The Link Between Good Hydration and Longevity
Drinking water has its perks. It keeps you hydrated, helps to maintain a regulated body temperature and can aid in healthy digestion. But according to a new study, the level of water you consume may directly impact how quickly you age and your overall longevity.
Proper hydration levels could be associated with a lower risk of developing chronic diseases or bearing the physical signs of ageing. While further research needs to be conducted to learn the true extent of water's benefits, increasing your natural alkaline water intake will help you reap the rewards sooner rather than later.
Hydrating Keeps You Healthy
Some professionals believe that those who stay well hydrated are more likely to have other habits like staying active, making healthy food choices and getting enough sleep, ultimately maintaining a high level of physical health. By doing so, they support healthy ageing and help prevent chronic illnesses that can lead to premature death.
But your hydration level can affect more than just your level of thirst. For example, water has been proven to keep your joints properly lubricated. This allows you to move more without pain, making exercising easier and discouraging a sedentary lifestyle, habits that lead to excellent heart health and better physical well-being.
Furthermore, dehydration can cause increased blood pressure. It can lead to an imbalance of hormones, minerals and vitamins within the body, which can contribute to organ damage or chronic disease by interrupting necessary body processes.
Chronic Illness & Ageing
A study by the National Institutes of Health, or the NIH, followed 15,700 people in the United States for roughly 25 years. Data was collected at several points throughout their life, including when participants were in their 50s and between the ages of 70 and 90.
Sodium levels in their blood were measured to determine their levels of hydration and the resulting consequences to their health at the time of data collection. While most participants had levels falling in the average range, the study showed that people with levels higher than average were 21% more likely to have an increased risk of dying younger compared to their better-hydrated counterparts.
Researchers also found that people with increased sodium serum levels had a 39% higher risk of developing chronic illnesses like dementia, lung disease, stroke, diabetes, hypertension, and heart failure. Additionally, it is believed that dehydration causes the secretion of hormones that can negatively affect the kidneys and other tissues in the body, gradually breaking down their intended functions and accelerating the ageing process.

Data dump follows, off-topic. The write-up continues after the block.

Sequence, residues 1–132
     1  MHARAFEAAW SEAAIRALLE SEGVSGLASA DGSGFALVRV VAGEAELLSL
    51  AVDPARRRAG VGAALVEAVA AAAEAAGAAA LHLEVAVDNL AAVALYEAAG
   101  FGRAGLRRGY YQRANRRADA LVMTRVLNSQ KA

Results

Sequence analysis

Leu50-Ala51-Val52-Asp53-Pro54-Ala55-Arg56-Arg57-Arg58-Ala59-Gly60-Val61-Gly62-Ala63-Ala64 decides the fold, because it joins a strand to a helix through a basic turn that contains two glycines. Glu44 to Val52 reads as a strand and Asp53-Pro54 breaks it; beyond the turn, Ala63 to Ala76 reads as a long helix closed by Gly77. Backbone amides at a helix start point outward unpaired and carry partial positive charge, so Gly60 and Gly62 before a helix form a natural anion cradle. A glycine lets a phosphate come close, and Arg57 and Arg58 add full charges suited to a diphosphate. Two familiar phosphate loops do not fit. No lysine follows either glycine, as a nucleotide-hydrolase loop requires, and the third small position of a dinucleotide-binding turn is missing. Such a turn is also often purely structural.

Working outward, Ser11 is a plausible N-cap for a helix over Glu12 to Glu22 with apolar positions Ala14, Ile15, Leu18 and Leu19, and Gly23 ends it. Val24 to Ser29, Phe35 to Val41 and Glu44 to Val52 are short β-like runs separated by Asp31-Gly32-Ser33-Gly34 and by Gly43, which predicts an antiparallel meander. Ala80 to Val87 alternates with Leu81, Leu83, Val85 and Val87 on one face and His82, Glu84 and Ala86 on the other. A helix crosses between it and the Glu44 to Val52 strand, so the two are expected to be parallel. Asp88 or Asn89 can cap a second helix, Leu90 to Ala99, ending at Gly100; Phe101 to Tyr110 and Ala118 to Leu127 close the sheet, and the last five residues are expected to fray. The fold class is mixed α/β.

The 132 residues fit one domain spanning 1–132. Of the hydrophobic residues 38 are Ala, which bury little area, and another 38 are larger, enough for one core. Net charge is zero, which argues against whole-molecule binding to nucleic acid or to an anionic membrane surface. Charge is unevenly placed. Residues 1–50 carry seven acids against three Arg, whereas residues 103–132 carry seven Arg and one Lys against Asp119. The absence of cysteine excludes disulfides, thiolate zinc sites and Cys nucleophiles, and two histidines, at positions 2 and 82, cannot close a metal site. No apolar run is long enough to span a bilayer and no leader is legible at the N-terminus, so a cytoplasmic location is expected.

Finally, adequate water intake has been strongly linked to increased stimulation of blood flow, which helps your body remove toxins and keep the skin properly hydrated, reducing the appearance of wrinkles, dark under eyes, and age lines.
Daily Water Intake Recommendation
The basic guideline for water intake has always been to drink eight glasses of water a day. But the truth is, there is no one-size-fits-all recommendation, as outside factors like age, sex, lifestyle, physical needs, activity level, and temperature can heavily influence your daily requirement.
If you are very active, live in a hot climate or carry excess weight, you must compensate for this when drinking water. Additionally, the other foods and liquids you consume throughout the day can either increase or deplete your body of water; further considerations that need to be made.
Drinking more than three litres of water daily is only necessary if you have been exercising heavily or had prolonged heat exposure. However, if you feel like no amount of water is enough, this could indicate undiagnosed health issues that will require clinical intervention.
Signs of Dehydration
Dehydration is potentially life-threatening, and understanding the warning signs is incredibly important for your health and safety. The most common symptoms to look out for are: feeling thirsty, not sweating when it is hot outside, needing the bathroom less than usual, dry mouth, dark-coloured and strong-smelling urine and feeling tired, dizzy or lightheaded.
If you are experiencing these symptoms, do not overload your body with large amounts of water in a short period. Instead, slowly sip water until your body starts to feel normal again, and be aware of how much you drink daily to maintain proper levels.
Take It with a Grain of Salt
Like most medical research, there is always room for speculation and opportunity for uncertainty to grow. While the study conducted by the NIH has stated that sodium levels indicated one’s level of hydration and therefore staying hydrated may slow down ageing and prevent or delay the development of chronic diseases, some experts see a flaw in the data collected.
They do not believe the results of the study show casual effect, the ability to prove, with certainty, that optimal hydration prevents severe disease or improves longevity. Because participants were not restricted with their fluid intake or hydration levels during the study, there are many factors than can influence the data when sodium levels were measured. These factors would significantly differ from person to person.
While the study poses many valuable points of interest and produces information that may lead to healthier and longer lives, people should consider the study's limitations and not jump to conclusions about their own lifestyles without further research being conducted.